I’m kicking myself a little because I saw an interesting article a while ago about camera security, what measures can be taken to help prevent theft, some of the security options available to buy and all that kind of thing, but of course I neglected to bookmark the article and now it’s lost in the sea of pages trying to sell security kit or CCTV.
That said, I didn’t find the article all that useful for myself. Ultimately if a thief wants your kit they’ll have it off you. If you’re walking through an unfamiliar backstreet of Palermo and get mugged, having your camera attached to your neck with a non-cuttable strap isn’t going to prevent you from being forced to release the gear. It might deter the grab-and-run thief, but only if they know your strap can’t be cut. Personally I’d fear having someone grab my camera and start to run off with me permanently attached to it. I’d rather let it go than end up being throttled by my own strap.
Other options for security might involve tags, either overt ones which attach to camera cases, or covert trackable stickers which attach to cameras. These might help in certain situations, though tags on bags are a bit pointless unless your kit stays with the bags once it’s stolen. I’m not sure how likely that is.
Besides the obvious holes in the logic of some of these solutions, I don’t spend much time walking around places where mugging is a high probability. I’m not saying it’s impossible, but the larger risk for me is theft from the boot of my car while I’m having lunch at a motorway service station, so my own security measures are targeted at preventing that.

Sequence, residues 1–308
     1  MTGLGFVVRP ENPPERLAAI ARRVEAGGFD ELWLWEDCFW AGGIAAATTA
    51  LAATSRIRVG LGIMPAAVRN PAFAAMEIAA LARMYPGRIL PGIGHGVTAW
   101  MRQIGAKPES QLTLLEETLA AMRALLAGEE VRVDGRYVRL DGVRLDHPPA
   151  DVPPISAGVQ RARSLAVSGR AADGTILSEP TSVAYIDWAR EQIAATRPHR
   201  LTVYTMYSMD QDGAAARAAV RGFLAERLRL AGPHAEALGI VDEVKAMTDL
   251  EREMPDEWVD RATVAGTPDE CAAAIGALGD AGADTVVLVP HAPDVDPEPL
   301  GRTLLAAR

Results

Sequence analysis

Firstly, I keep all my kit locked out of sight in the boot with no clues in the rest of the car about what I might be carrying. This fulfils my responsibility under my camera insurance policy, though of course a theft would still leave me without essential kit until I could purchase replacements. But ultimately kit is replaceable. Perhaps the biggest problem for me if someone lifted my cameras from my car would be if I suffered the theft just after I’d just shot a job. The thief would unknowingly be lifting all the day’s work as well as the tools.
So my routine if I need a comfort break on the way back from a job is to ensure I’ve removed all memory cards before I set off and put them in a pocket. Ideally I do this before leaving the site of the job so that I’m not opening the boot of my car in a service area car park, risking some nefarious character a view of the contents. This way if I am burgled, I might suffer the trauma and inconvenience of lost equipment while my client doesn’t have to suffer the inconvenience of lost images too.
I would say the most valuable asset any photographer has is the images he or she takes. Equipment can be replaced, if it isn’t rare (none of my gear is rare), but the photos normally can’t be. I take good precautions over my cameras and lenses while I’m out and about, but a simple security measure which costs nothing helps protect the images a client is paying for.